In From The Cold

Young indie Canadians make a life together before their own lives can tear them apart

The story the Arcade Fire tell on Funeral starts in the middle, in mid-sentence, a sign that the story is bigger than the music, began before it, and will continue after it. Maybe it is the middle of the night. Certainly the music seems to have just woken up. It floats in from far away: some strings, then fingers wandering across piano keys, looking for the way, before an electric guitar—distant and buzzing through a wide, empty space—clears the way for Win Butler. He is alone in a world of darkness and winter, talking about what he's seen and how it feels: " . . . and if the snow buries my, my neighborhood/And if my parents are crying, then I'll dig a tunnel from my window to yours."

"Neighborhood #1 (Tunnels)" may be a dream, or it may be the reality of winter in Montreal, where it can snow six months a year, and where underground tunnels connect downtown. As the music heats up, what comes next is part fairy tale, part parable: a girl climbs out her chimney, meets Butler in the center of the city. They let their hair grow long, they live in the snow, their skin gets thick. She is the golden hymn in his head, the song he's been reaching for. They have babies but have forgotten how to name them. Instead, they have only memories, the memories of the bedrooms of those who are gone: parents, friends, the image of those bedrooms in their minds, clear as can be.

Funeral is a remarkable record, hard to hear at first, then hard to stop hearing. It is an indie-rock cause célèbre, fiercely praised, defended, and protected, most visibly by the impassioned bloggers who are transfixed by both the disarming sincerity of the record's artistic ambitions and the septet's wild live shows—neither unusual in indie land—and Funeral's backstory, which is.

They practice the family and community that they preach and that their fans need.
photo: Hilary Leftik
They practice the family and community that they preach and that their fans need.

In the time leading up to its release, the band members lost two grandparents and an aunt. They found themselves constantly at memorial services, and then they found that their songs were a way to transmute their grief. Funeral returns continually to death—even the album closer, about looking out at the countryside from the backseat of a car—but also to religion, love, babies, kids playing in the snow, and community.

The music—mostly recorded at Hotel2Tango, a proudly analog studio in Montreal's former Jewish ghetto that gave Funeral's songs living, breathing presence—is as emotionally unfettered as it is carefully constructed. It reaches back to '80s bands like the Cure, Echo & the Bunnymen, the Violent Femmes, and Jane's Addiction, who strummed their way through catharsis after catharsis, a sound that has become in recent years a new classicism. The Arcade Fire stretch that sound until it is both older and newer, shading it with the gloom of folk songs and the yowling urgency of indie rock. Arcade Fire songs are often called "operatic," possibly because they are full of old-world touches like violin, viola, accordion, and xylophone, and possibly because they can be oddly decentered, swelling and shifting with an oceanic pulse, spreading out as far as the eye can see, then leaping into furious rock codas at will. The vocal melodies tend toward chants, yelps, and incantations.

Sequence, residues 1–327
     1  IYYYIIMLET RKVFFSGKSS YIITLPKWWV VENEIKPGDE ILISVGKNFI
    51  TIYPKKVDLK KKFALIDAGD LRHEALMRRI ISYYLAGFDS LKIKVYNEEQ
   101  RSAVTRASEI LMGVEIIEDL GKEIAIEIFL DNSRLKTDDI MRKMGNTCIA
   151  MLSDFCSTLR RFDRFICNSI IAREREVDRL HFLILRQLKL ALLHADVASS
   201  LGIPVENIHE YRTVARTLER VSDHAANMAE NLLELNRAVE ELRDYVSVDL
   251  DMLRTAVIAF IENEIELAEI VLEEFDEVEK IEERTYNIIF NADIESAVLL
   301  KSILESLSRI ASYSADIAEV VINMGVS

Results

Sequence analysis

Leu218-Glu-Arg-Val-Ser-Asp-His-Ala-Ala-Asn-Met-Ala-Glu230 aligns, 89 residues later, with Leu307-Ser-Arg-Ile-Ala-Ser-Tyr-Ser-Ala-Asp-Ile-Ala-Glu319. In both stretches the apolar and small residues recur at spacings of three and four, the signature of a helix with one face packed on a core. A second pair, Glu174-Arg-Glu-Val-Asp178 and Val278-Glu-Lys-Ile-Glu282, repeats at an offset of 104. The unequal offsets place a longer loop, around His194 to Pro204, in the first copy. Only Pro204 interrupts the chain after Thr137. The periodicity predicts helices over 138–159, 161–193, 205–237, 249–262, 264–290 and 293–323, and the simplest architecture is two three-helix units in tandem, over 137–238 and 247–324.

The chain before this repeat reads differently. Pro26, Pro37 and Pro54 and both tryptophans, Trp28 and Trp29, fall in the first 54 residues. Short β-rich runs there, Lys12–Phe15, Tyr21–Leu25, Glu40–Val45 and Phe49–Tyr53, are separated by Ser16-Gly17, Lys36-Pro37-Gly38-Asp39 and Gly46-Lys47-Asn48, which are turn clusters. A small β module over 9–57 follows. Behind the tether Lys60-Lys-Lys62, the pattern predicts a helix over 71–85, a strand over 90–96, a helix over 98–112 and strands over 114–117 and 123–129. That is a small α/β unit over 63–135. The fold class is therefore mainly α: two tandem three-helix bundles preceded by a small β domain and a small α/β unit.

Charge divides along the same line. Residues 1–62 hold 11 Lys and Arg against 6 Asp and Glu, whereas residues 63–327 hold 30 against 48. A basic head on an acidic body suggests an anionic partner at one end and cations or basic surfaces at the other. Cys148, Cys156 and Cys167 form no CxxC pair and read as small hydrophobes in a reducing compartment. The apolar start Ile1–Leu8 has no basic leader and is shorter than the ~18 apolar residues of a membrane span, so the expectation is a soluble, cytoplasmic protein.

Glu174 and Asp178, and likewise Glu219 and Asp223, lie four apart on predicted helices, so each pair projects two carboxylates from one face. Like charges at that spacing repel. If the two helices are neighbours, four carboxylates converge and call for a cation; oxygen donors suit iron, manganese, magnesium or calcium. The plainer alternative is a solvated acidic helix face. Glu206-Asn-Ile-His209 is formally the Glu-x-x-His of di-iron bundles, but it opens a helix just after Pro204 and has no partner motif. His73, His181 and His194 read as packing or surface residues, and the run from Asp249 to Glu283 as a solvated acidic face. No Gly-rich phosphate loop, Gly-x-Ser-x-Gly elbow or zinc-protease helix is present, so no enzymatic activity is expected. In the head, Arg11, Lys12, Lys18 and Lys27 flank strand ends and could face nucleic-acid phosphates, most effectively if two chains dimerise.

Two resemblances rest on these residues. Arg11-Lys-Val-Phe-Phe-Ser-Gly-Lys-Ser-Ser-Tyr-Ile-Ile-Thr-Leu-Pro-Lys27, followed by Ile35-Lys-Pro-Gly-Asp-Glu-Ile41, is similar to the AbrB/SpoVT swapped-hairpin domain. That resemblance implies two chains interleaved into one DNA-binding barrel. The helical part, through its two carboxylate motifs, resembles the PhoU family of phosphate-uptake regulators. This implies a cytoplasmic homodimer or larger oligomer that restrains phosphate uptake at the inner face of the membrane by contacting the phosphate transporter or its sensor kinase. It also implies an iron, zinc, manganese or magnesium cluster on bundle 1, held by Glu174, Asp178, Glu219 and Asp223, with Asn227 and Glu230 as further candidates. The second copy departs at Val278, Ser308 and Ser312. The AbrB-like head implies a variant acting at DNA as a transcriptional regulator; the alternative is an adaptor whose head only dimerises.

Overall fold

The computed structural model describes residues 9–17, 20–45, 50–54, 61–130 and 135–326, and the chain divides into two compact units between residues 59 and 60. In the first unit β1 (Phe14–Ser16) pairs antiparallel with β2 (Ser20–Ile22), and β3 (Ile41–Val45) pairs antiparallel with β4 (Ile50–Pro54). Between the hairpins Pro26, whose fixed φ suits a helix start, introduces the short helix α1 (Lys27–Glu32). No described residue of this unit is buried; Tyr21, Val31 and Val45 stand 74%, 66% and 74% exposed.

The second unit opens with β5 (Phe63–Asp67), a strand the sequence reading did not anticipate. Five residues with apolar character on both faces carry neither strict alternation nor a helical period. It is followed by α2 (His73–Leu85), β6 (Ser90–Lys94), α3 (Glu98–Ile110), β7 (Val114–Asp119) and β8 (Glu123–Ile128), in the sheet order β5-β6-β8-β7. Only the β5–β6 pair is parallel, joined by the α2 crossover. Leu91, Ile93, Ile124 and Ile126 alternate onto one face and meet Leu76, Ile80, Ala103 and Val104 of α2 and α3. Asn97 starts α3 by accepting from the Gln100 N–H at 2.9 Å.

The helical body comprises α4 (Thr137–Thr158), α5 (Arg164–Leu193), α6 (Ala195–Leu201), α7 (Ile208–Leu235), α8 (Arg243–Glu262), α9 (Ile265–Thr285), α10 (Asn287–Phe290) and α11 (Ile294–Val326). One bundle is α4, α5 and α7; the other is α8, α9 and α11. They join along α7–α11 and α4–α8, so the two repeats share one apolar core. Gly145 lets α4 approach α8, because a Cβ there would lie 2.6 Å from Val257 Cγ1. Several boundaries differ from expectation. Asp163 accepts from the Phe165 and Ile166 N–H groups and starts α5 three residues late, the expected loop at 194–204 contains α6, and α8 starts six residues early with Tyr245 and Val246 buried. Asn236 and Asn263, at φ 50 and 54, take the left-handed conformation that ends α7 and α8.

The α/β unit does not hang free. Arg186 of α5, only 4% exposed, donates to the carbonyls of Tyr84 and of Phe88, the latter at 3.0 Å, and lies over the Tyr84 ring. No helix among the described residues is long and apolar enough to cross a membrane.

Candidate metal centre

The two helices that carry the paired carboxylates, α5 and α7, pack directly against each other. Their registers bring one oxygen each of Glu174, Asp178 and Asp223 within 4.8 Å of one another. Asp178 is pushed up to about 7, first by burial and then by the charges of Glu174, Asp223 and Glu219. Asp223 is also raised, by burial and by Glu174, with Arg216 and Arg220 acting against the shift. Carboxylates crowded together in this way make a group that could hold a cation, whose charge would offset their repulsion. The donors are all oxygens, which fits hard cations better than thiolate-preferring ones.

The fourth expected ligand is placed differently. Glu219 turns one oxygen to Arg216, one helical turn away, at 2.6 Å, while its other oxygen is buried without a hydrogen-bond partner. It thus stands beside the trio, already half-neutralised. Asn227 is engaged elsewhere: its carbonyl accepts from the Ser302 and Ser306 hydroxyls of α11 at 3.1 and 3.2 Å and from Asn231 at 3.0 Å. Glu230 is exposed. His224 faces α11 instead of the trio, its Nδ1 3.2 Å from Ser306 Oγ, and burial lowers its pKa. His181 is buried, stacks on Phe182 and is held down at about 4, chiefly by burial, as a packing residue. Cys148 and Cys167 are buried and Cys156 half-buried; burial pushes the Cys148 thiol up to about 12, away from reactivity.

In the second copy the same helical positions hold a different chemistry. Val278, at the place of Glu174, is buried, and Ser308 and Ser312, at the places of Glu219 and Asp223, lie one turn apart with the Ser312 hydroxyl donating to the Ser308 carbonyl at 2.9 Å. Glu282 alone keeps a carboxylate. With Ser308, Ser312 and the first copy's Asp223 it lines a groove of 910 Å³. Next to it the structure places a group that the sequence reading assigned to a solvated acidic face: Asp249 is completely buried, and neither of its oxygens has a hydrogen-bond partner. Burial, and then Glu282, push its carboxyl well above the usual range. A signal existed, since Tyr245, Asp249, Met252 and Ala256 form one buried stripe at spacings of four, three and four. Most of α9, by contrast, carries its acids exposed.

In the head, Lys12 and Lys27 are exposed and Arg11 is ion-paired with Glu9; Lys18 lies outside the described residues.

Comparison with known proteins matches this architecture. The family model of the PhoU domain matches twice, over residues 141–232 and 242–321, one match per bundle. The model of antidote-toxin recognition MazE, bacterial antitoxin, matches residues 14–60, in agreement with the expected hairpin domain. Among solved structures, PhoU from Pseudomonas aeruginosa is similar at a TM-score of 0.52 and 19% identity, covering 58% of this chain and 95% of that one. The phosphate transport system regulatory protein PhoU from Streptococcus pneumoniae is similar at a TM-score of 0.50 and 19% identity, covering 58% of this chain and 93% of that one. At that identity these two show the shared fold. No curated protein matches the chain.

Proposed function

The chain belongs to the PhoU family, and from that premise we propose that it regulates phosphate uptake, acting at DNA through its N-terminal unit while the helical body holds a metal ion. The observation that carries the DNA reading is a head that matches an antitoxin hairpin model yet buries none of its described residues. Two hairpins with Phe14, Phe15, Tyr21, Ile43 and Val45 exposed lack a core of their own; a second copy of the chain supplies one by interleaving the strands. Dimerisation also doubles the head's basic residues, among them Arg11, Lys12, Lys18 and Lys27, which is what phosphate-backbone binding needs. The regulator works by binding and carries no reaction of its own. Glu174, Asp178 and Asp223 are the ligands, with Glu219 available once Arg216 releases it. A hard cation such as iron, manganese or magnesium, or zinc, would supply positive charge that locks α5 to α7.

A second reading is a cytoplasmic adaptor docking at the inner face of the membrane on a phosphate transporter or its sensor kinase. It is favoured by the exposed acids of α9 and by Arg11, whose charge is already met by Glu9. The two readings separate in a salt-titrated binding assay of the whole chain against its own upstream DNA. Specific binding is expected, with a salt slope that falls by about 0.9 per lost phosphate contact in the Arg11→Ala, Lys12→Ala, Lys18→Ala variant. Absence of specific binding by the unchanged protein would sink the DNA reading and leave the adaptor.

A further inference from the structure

As much as the talk about death and bad weather and the darkness being chased away by light that pours out of our eyes, our hearts, our hands, what gives the Arcade Fire their singular charge is that they practice what they preach: family and community. Butler, a former religious-studies major, married singer and multi-instrumentalist Régine Chassagne last August, a month before Funeralwas released. Butler's younger brother, Will, plays bass. In a way that every band can, the Arcade Fire provide a community for their fans, who can find in both the album packaging—quaint illustrations that evoke the 19th century—and in lyrics like "there's some spirit I used to know, that's been drowned out by the radio" typical indie invocations of the homespun and the handmade as ways of fighting off alienation. But the Arcade Fire also offer something deeper: an example of how to navigate the complexities, good and bad, that life inevitably throws at you as you get older. Death. Marriage. Children. A way of making a future. Not an easy one. "If the children don't grow up," cries Butler on Funeral's anthemic "Wake Up," "our bodies get bigger but our hearts get torn up." He sounds so wide open to his pain he could be John Lennon circa Plastic Ono Band, finally acknowledging that his fans were in effect his own kids.


The Arcade Fire play Webster Hall February 1 and Irving Plaza February 2.

 
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